Truck accident fatalities in Colorado and around the country continue to climb despite an overall reduction in the number of miles covered by commercial vehicles. This was one of the somber conclusions reached by Road Safe America after studying U.S. truck accident fatalities between 2009 and 2017. Worryingly, Colorado emerged as one of the five states with the highest percentage increase in tractor-trailer crash deaths.
The Georgia-based nonprofit group, which was founded by the parents of a boy killed in an auto accident, says that many of the 35,882 lives lost in truck crashes during the period scrutinized could have been saved by technology that is already available but not yet mandated by federal regulations. Devices that limit how fast tractor-trailers can travel have been standard equipment on American trucks for many years, and systems that apply air brakes automatically in emergency situations are available from all major tractor-trailer manufacturers.
The Road Safe America report points out that the states with the highest truck accident fatality rates usually have speed limits of 70 mph or higher. The National Highway Traffic Safety Administration and the Federal Motor Carrier Safety Administration have proposed a rule that would require trucking companies to use speed limiters. Studies suggest that adopting this rule could save the logistics industry about $1 billion each year in fuel and save hundreds or even thousands of lives.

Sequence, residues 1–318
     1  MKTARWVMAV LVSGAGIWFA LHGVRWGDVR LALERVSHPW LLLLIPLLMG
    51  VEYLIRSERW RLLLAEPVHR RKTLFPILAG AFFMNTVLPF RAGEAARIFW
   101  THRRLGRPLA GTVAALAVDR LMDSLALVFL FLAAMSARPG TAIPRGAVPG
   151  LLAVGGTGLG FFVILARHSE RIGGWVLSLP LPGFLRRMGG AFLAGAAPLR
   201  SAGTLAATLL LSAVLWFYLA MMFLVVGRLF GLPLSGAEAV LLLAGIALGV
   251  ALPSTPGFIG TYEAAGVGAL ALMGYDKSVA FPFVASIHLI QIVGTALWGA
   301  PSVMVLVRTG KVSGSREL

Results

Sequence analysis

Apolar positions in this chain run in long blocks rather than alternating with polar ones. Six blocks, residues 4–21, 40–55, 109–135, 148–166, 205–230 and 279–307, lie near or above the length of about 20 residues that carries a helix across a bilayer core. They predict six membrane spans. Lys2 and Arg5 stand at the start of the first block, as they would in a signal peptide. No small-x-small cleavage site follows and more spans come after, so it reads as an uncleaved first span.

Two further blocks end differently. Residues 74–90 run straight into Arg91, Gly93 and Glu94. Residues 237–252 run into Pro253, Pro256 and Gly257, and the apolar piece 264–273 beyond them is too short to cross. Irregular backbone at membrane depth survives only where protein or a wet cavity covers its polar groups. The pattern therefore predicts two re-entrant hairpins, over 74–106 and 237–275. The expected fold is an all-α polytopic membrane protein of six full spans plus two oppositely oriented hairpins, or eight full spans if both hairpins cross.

The electronics systems of modern tractor-trailers are extremely sophisticated, and they may provide accident investigators and personal injury attorneys with information that could reveal what transpired in the moments prior to a collision. Evidence revealing that no evasive action was taken by a truck driver might support allegations of distraction, and data revealing that a truck had not stopped for mandatory hours of service rest breaks may convince a jury that fatigue played a role.